Food Freedom Day 2016
The Quick Facts on FFD
- February 9 is the calendar date for 2016 when the average Canadian has earned enough income to pay his/her grocery bill for the year, coined by the CFA as Food Freedom Day!
- In 2015, Canadians are expected to have spent 11% of their disposable income on food.
- Interested in how Food Freedom Day is calculated? Click here.
Food Freedom Day 2016: What's the story behind your grocery bill?
The Canadian Federation of Agriculture (CFA) has calculated that on February 9, 2016 the average Canadian will have earned enough income to pay for his/her grocery bill for the entire year.
In 2015, Canadians are expected to have spent 11% of their disposable income on food, compared to 10.4% in 2014. While rising food costs have resulted in this year’s Food Freedom Day falling three days later than last year’s date, it’s important to note that relative to populations around the world we are quite fortunate in Canada. Canadians have some of the lowest food costs in the world, consistently ranking in the top five for cheapest food costs worldwide.
Still, there is no denying that the rise in food costs has the potential to affect day-to-day budgets. According to the Food Price Report 2016, which was published by the Food Institute at the University of Guelph, Canadian food prices increased by 4.1% during 2015. The prime reason was the low Canadian dollar, which has had a profound impact on imported food products, such as fruits, vegetables and nuts, which are highly susceptible to market fluctuations.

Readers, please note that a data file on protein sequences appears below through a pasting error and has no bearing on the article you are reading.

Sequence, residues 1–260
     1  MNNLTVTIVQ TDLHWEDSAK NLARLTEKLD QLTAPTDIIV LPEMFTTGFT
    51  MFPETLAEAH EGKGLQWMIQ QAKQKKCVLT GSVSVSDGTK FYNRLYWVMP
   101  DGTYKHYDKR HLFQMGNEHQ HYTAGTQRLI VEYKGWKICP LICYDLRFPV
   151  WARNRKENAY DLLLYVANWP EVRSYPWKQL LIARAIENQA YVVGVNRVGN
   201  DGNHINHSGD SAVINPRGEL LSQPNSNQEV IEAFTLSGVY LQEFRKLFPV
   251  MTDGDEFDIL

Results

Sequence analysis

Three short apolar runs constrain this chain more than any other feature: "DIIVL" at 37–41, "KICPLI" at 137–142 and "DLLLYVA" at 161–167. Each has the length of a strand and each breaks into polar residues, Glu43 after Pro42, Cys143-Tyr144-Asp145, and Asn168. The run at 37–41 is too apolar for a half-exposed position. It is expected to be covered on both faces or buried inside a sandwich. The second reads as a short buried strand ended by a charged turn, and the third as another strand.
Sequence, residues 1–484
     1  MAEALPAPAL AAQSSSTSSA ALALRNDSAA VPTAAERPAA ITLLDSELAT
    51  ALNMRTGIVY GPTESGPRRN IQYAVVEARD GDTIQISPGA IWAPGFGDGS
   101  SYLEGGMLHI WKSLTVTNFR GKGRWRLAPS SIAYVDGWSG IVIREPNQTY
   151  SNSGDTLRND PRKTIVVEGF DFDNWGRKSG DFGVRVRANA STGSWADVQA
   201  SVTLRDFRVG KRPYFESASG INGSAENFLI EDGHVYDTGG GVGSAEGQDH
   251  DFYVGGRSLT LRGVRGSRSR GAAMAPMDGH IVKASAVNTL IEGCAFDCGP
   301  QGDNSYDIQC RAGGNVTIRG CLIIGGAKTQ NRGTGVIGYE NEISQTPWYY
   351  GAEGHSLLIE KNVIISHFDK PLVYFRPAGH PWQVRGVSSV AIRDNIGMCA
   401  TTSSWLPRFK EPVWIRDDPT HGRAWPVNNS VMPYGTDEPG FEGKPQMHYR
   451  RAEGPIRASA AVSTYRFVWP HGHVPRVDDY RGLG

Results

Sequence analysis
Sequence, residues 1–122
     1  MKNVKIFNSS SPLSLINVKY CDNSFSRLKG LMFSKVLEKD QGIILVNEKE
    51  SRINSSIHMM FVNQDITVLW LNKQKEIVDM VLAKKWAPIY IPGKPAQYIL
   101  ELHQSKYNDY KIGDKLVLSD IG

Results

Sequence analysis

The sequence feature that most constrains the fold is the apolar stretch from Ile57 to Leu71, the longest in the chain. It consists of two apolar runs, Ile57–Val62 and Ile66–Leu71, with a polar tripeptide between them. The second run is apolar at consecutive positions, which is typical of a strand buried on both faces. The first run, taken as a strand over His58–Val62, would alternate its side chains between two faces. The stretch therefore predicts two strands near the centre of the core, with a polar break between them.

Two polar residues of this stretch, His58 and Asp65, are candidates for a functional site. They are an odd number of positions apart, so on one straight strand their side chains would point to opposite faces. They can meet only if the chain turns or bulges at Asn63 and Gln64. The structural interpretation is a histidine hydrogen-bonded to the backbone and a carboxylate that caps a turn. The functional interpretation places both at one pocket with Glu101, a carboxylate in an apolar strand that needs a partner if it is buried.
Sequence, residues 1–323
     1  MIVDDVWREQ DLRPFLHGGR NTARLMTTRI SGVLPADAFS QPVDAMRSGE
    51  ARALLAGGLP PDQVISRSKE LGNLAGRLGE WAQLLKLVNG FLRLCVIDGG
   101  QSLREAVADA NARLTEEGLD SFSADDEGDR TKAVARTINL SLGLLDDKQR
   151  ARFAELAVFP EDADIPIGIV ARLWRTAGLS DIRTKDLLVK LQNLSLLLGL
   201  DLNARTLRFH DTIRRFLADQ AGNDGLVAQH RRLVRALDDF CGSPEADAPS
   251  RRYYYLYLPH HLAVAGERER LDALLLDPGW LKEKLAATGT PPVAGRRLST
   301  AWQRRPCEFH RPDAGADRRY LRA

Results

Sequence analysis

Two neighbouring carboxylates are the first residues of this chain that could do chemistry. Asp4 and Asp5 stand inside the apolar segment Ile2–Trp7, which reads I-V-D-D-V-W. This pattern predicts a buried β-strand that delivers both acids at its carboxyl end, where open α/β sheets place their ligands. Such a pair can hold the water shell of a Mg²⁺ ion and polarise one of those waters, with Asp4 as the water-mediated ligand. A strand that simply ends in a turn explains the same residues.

Looking ahead to 2016, the Food Price Report notes that food prices will be most affected by climate change, the weakening Canadian dollar, and consumer trends. With this forecast in mind, Food Freedom Day serves as an opportunity to consider our individual role and the impact we all have on the Canadian food system, whether that be as a consumer, farmer, processor or retailer.
"There are plenty of reasons why we encourage consumers to buy Canadian," explains CFA President Ron Bonnett. "Domestically produced food does not face the same exchange rate increase we have been seeing with imported products. By understanding what is available each season in Canada, consumers can contribute to Canadian food security while also keeping their family’s food bill down."
Choosing Canadian products at the grocery store is an incredibly important role Canadian consumers have in supporting farmers and our food system here at home. The grocery store purchases of consumers provide market data for retailers, who then determine what they will stock their shelves with. This produces a ripple effect that is felt right down to the farm level.
"There is also a notable difference with the Canadian brand when it comes to animal welfare standards and the quality and safety of our products – and it is one to be proud of," Bonnett added. "We ask that consumers place their 'grocery store vote' for Canadian farmers and invest in a stable domestic food supply."
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